It doesn't matter if you're fit or unfit, male or female, wedged in cattle-class or sitting in the pointy end of a plane. We need to talk about deep vein thrombosis (DVT).
You've probably heard of it. You might've glanced at something about it on the back of an aeroplane safety card, or seen the circulation-boosting socks for sale in the airport.
Basically, DVT occurs when a blood clot forms in the leg. If it's big enough it can travel through the bloodstream and block the main artery to the lungs. That's very, very bad.
It usually occurs when you're sitting still for long periods, such as on long-haul flights, which it why it gets nicknamed "economy-class syndrome".
IF LEFT UNTREATED, IT CAN BE DEADLY
This week, a British coroner determined that a 51-year-old pilot died from DVT due to a delay in his hospital treatment.
Captain James Bedforth experienced shortness of breath when he flew from England to China in June last year, and he collapsed shortly after flying home the next day.
He'd gone to hospital two months earlier with a pain in his leg, but doctors failed to pick up the clots. When he was eventually treated with blood-thinning drugs, he was given too much.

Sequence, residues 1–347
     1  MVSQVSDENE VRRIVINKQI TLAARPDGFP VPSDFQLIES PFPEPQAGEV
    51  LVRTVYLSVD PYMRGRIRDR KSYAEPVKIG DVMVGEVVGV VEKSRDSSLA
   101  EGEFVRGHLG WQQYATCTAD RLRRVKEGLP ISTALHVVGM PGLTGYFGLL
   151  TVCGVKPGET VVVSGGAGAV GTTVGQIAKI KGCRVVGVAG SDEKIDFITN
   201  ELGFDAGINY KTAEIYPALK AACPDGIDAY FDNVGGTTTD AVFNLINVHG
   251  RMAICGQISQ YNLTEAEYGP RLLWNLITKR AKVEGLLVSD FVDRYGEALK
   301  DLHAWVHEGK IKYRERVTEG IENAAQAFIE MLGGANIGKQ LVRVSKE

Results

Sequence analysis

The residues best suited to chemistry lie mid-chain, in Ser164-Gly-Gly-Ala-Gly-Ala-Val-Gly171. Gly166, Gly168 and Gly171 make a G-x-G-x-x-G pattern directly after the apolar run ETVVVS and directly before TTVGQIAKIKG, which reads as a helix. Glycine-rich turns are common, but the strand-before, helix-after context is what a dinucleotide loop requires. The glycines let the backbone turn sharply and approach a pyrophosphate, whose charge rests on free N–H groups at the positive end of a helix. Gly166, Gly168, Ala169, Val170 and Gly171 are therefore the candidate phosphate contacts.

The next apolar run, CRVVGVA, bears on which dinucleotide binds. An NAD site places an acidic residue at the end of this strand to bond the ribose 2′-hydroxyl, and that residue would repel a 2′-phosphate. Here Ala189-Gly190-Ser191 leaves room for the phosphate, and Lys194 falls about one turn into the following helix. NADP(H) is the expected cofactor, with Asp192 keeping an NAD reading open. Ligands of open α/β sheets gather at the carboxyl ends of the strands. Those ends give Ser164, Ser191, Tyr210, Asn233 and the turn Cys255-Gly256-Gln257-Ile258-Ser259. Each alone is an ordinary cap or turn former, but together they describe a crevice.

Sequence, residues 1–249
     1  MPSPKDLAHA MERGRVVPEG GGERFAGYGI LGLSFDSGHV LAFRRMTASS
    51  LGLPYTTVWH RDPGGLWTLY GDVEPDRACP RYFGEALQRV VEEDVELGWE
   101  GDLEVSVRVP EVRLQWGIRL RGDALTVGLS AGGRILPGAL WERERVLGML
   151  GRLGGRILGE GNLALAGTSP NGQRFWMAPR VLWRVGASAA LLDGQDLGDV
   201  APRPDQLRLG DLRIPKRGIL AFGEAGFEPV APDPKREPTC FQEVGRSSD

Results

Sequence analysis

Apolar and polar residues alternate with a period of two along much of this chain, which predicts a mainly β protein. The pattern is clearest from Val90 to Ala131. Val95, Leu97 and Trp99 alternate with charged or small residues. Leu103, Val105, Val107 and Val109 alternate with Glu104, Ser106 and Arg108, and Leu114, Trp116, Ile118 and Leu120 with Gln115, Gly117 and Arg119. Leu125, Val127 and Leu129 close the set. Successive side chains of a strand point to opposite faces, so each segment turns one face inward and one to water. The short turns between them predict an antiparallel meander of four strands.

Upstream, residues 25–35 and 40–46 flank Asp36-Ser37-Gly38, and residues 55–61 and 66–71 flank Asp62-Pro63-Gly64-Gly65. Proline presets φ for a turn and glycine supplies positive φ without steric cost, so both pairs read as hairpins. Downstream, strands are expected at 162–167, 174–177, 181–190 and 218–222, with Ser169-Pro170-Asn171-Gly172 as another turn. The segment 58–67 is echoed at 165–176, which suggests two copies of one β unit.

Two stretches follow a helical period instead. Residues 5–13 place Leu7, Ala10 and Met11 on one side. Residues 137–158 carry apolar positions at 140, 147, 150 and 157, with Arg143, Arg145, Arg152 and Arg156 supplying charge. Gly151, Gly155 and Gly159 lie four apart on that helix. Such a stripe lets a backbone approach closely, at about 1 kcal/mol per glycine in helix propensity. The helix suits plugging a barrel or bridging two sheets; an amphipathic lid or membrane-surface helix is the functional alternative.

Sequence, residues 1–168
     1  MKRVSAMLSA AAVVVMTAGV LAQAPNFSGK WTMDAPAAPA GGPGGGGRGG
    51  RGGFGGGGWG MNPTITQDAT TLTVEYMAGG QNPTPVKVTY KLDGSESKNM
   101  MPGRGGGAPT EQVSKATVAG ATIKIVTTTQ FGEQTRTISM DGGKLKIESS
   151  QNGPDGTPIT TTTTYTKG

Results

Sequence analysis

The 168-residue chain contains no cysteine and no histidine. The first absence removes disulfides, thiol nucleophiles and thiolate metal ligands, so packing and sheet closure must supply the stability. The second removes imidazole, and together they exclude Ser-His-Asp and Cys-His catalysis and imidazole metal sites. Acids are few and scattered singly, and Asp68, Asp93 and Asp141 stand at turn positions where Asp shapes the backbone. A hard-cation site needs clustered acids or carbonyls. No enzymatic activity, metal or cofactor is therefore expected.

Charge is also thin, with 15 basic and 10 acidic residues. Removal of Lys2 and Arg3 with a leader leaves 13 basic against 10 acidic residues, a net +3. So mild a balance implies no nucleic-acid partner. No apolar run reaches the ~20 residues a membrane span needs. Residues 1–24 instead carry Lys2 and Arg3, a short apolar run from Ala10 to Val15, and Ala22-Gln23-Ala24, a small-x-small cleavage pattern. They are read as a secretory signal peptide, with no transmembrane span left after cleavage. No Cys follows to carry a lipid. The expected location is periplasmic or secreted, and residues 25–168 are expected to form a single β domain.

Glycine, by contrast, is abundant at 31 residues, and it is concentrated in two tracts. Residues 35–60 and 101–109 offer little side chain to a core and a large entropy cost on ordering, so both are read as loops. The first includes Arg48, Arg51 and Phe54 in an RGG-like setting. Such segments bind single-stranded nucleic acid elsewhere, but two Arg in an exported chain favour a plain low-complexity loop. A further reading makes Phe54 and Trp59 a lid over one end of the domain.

He tragically died of a brain haemorrhage.
The inquiry found he was not told that shortness of breath could mean his life was in danger.
"Clearly Captain Bedforth was a very intelligent man who found himself in China in the midst of a long-haul flight," the coroner said. "I'm sure he was the type of person that had he been told about the shortness of breath issue, he would have acted upon this immediately."
Anaesthetist Ye Myint, who served as an expert, said the pilot should have been treated immediately, telling the inquiry "the delay may have changed the outcome".
The lack of awareness of the symptoms is, quite frankly, terrifying.
"I consider it unlikely that a senior pilot of Captain Bedforth's experience would have placed himself on duty on the flight deck of an aircraft if he had considered himself likely to collapse or thought himself potentially seriously ill," the coroner said in his conclusion.
SO WHAT ARE THE KEY WARNING SIGNS?
According to the Victorian government's Better Health website, you should look out for pain and tenderness in the leg; swelling of the lower leg, ankle and foot; and skin that is red and warm.
If you experience those symptoms shortly after flying, tell your doctor so they can look for clots.
You can also actively reduce the risk of developing DVT.
Avoid cigarettes and alcohol, drink plenty of fluid, and don't sit with your legs crossed.
Get up to walk around the cabin every time you finish a movie. Buy yourself a pair of anti-DVT socks.
If you're in a high-risk category, such as being overweight, a smoker, or having a history of heart disease, talk to your doctor.
Friends say Captain Bedforth was a "consummate professional" and a "larger than life" character who will be "sorely missed" on a fundraising page set up in his honour.
He's the devastating example that shows even frequent flyers who lead active and healthy lifestyles aren't safe from this silent killer.